Review: 'Civilization' Set to Conquer Home Consoles

NEWYou can now listen to Fox News articles!

Alexander the Great, Charlemagne, Genghis Khan and Napoleon earned their legendary status one way: They were conquerers.

Today, conquest is an important part of our play.

From chess and Risk to laser tag and football, the object is to invade the other guy's territory, loot his treasuries and slaughter his livestock.

The theme may be even more prominent in video games, particularly online, where multiplayer capture-the-flag contests are microcosms of the ongoing struggle for global dominance.

• Click here to visit's Video Gaming Center.

—"Sid Meier's Civilization Revolution" (2K Games, for the Xbox 360, PlayStation 3, $59.99; Nintendo DS, $19.99): "Civilization" is one of the most popular computer games of all-time, but it can be daunting to a newcomer.

A single game spans millennia and can take about eight hours to play, so it's refreshing that designer Sid Meier has seen fit to create a simpler version for those of us with less free time. It still takes a couple of hours, but you'll have time left to sleep and eat.

You assume the role of one of 16 historic leaders, like Julius Caesar, Saladin or Abraham Lincoln. You start off with just a group of settlers. After starting a city, you can send troops out to explore the world.

As your population increases, you can erect more elaborate structures, develop new technologies and found new cities. Eventually, you'll bump up against other cultures — and some of them would rather fight than cooperate.

Meier's Firaxis studio has done an excellent job translating complicated keyboard commands to a console controller. And the graphics are stunning, with stirring battle sequences and witty animations of your advisers and enemies.

There are a variety of ways to win — you can pound your opponents into submission, for example, or focus on building cultural "wonders" for your own citizens — so no two games are the same.

"Civilization Revolution" is a fine introduction to the strategy genre for console players. Three-and-a-half stars out of four.

—"Final Fantasy Tactics A2: Grimoire of the Rift" (Square Enix, for the Nintendo DS, $39.99): Ever since "Final Fantasy Tactics Advance" came out for the Game Boy five years ago, fans have been hungering for a sequel.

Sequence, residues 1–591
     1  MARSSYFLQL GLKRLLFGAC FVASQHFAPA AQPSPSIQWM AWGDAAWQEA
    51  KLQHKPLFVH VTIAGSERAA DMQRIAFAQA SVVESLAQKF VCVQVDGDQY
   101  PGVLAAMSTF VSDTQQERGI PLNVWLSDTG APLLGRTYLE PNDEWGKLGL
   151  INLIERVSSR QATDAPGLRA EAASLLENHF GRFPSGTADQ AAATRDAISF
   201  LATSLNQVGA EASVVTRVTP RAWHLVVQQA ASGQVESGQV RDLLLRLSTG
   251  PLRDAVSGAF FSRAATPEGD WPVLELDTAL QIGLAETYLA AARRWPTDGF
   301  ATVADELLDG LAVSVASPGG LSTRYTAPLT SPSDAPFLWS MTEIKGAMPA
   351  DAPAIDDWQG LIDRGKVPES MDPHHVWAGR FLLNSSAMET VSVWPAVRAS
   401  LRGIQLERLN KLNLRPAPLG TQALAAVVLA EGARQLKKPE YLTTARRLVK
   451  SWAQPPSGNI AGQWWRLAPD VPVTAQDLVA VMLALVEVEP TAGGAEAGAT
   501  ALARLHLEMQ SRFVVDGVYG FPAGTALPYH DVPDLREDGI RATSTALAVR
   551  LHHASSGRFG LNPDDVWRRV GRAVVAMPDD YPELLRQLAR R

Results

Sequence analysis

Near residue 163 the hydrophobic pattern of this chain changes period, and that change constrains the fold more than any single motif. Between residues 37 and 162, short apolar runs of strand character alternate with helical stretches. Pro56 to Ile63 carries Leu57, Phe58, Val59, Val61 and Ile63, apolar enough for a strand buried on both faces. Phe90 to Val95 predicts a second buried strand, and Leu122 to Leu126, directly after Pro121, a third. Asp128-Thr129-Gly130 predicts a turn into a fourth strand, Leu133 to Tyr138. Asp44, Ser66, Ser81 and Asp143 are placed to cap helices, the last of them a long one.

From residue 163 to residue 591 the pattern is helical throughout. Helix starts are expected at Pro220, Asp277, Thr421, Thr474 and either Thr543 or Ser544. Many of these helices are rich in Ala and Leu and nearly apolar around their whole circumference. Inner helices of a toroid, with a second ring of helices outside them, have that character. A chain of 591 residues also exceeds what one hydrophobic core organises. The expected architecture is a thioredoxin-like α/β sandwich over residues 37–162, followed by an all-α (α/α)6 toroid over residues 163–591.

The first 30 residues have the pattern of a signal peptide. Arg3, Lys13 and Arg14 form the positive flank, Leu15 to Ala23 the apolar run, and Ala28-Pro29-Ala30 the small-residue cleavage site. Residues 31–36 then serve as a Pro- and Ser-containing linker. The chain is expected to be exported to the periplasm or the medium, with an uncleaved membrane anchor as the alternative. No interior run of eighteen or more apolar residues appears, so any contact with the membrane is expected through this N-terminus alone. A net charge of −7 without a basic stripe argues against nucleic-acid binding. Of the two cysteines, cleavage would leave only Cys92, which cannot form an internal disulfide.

"A2" lives up to the high standard set by its predecessor, delivering one of the deepest strategy games on any console — not just portables.

The protagonist is a kid named Luso who's sucked into a book that spits him out into the magical land of Ivalice.

After getting together with a hero named Cid and his clan of warriors, wizards and other familiar fantasy types, Luso embarks on a series of quests, which typically require invading a patch of land and killing a bunch of monsters.

The individual battles are well-designed, requiring a balance among melee fighting, ranged attacks, offensive magic and healing spells. There are plenty of options to customize each of your teammates' skills, and you'll encounter dozens of different kinds of creatures.

With 400 missions, "FFT A2" will keep strategy buffs busy for months. Three stars.

—"Command & Conquer 3: Kane's Wrath" (Electronic Arts, for the Xbox 360, $39.99): "Kane's Wrath" is essentially an expansion pack for last year's "C&C3: Tiberium Wars," offering 13 more missions in the same universe.

This time, you get to play the bad guy after Kane, the megalomaniacal leader of the Brotherhood of Nod, assigns you to wreak havoc against the Global Defense Initiative that defends Earth.

The basic gameplay is typical strategy fare: You gather resources, build facilities, assemble armies and attack. Within any given battle, though, there's an impressive variety of objectives, and once you get your armies moving, things start blowing up nicely.

If you can forgive the hammy acting in the cut scenes, it looks and sounds terrific.

Still, "Kane's Wrath" isn't very inviting to newcomers. If you enjoyed "Tiberium Wars," it's worth picking up, but it's not a good place to get your first taste of real-time strategy. Two-and-a-half stars.